Russia has lifted a ban on imports of Turkish food, but will continue to limit imports of Turkish tomatoes to help its own producers of sauces and juices.

Russia once accounted for 70 percent of Turkey’s tomato exports.

The food ban was introduced 18 months ago after the Turkish military shot down a Russian fighter jet over the border with Syria.

It affected many items, including fresh Turkish cucumbers, apples, pears, grapes, strawberries and chicken.

Before the ban, Turkey exported food to Russia worth more than €1bn ($1.1bn) annually.

Why now?

The decision to lift the sanctions comes almost a year after Turkey’s president Recep Tayyip Erdogan apologised to Russia for the fighter jet incident.

Russia’s president Vladimir Putin and Erdogan then agreed to reconcile their differences.

At the time, Putin decided to lift a Russian boycott of Turkish holiday resorts, but the majority of other sanctions remained.

In January, Turkey’s government publicly softened its stance on Syria’s president Bashar al-Assad’s conduct in his country, no longer publicly calling for his immediate removal as leader.

Russia, which provides military support to pro-Assad fighters in Syria against Sunni Arab rebels welcomed Turkey’s decision.

How about other sanctions?

Aside from lifting the ban on Turkish food imports, Russia also announced plans to lift a ban on Turkish workers in the construction sector, in tourism and in hotel businesses earlier this week.

Putin restored a bilateral agreement on visa-free movement between the two countries on Wednesday.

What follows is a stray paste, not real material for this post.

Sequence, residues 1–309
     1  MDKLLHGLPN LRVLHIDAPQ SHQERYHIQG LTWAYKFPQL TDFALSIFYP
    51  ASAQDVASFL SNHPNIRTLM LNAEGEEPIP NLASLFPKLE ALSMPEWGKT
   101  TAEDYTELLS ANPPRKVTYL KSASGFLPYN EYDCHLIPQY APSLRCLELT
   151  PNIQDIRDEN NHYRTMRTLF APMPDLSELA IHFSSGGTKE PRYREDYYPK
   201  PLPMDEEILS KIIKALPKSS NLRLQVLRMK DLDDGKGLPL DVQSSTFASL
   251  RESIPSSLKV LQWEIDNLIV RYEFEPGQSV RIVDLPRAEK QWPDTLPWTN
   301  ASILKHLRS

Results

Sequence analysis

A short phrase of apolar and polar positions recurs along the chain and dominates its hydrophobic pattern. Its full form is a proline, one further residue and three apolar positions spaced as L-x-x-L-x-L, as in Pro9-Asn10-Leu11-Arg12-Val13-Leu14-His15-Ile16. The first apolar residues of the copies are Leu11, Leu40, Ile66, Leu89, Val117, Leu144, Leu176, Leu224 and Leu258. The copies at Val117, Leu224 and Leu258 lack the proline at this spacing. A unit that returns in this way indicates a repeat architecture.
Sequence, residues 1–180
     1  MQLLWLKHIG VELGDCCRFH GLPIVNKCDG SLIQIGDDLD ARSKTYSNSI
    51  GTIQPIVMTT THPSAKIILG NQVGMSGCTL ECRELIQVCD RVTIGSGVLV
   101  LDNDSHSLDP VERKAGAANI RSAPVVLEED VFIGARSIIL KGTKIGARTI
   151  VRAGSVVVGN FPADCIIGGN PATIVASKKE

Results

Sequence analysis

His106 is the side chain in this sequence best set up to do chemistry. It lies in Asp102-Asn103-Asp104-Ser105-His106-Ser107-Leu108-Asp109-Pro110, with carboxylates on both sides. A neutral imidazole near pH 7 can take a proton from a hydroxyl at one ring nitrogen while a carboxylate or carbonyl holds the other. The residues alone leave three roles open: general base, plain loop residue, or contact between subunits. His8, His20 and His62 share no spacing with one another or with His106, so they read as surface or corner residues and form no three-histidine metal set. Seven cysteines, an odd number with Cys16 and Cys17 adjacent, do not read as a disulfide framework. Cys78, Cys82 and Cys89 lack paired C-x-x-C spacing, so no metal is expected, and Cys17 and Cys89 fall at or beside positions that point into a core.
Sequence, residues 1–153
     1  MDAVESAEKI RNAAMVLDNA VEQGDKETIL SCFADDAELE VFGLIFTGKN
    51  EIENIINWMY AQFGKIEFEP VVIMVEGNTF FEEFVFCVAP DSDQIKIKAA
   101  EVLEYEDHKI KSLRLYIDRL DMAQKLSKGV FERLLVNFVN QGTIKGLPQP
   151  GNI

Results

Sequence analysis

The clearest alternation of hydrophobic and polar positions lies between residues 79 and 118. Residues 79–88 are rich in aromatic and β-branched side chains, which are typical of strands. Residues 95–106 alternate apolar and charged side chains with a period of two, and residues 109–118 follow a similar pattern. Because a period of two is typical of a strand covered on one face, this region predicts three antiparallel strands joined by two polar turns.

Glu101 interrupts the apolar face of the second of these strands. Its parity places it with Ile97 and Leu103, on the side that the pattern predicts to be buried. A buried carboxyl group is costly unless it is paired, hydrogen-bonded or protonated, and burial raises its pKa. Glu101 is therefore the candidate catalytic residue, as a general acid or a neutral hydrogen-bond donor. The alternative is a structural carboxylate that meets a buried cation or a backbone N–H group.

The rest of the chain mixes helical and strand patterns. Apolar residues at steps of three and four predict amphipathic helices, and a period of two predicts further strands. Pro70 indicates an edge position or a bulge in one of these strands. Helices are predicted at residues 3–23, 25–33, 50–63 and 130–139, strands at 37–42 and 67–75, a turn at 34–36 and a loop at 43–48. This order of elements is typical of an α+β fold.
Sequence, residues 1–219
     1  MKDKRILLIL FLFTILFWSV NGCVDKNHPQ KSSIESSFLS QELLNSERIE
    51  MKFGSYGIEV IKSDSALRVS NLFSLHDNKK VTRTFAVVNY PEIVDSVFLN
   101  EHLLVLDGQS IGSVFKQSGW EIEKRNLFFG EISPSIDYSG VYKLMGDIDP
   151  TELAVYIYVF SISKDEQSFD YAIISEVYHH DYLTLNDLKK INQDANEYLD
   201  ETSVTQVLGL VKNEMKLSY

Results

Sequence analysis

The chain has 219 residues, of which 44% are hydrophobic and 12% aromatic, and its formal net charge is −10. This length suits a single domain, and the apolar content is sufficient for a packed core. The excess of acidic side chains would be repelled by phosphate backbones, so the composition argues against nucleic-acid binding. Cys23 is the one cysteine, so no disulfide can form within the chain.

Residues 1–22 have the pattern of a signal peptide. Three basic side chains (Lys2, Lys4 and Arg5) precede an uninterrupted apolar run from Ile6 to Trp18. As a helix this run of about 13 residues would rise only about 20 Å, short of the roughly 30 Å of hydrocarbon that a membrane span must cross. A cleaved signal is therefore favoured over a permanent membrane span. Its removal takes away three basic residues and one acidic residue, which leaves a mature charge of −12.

3 Things That Will Change the World Today

What could the lifting of sanctions mean for the Turkish economy?

Since a failed coup in July 2016, the Turkish economy has struggled against the backdrop of a chaotic political environment.

Erdogan imposed a state of emergency immediately after the coup, conducting a purge of the military and civil service.

He also jailed political opponents and made financial gains from them, seizing assets exceeding $10bn from the followers of an imam, Fethullah Gulen, who he accuses of masterminding the failed putsch.

The lira fell 17 percent against the US dollar over 2016.

The Russian sanctions imposed on Turkey added to the fragility of the country’s economy.

The flow of Russian tourists to Turkey slumped to less than 1m last year from 3.6m in 2015 and Turkish construction companies were unable to operate in Russia.

With the majority of Russian sanctions now lifted, Turkey will hope to see a boost in growth, stronger investor sentiment and greater stability.

Russia continues to ban imports of most Western food and drink, given the punitive Western sanctions enforced after Russia’s annexation of Crimea in 2014.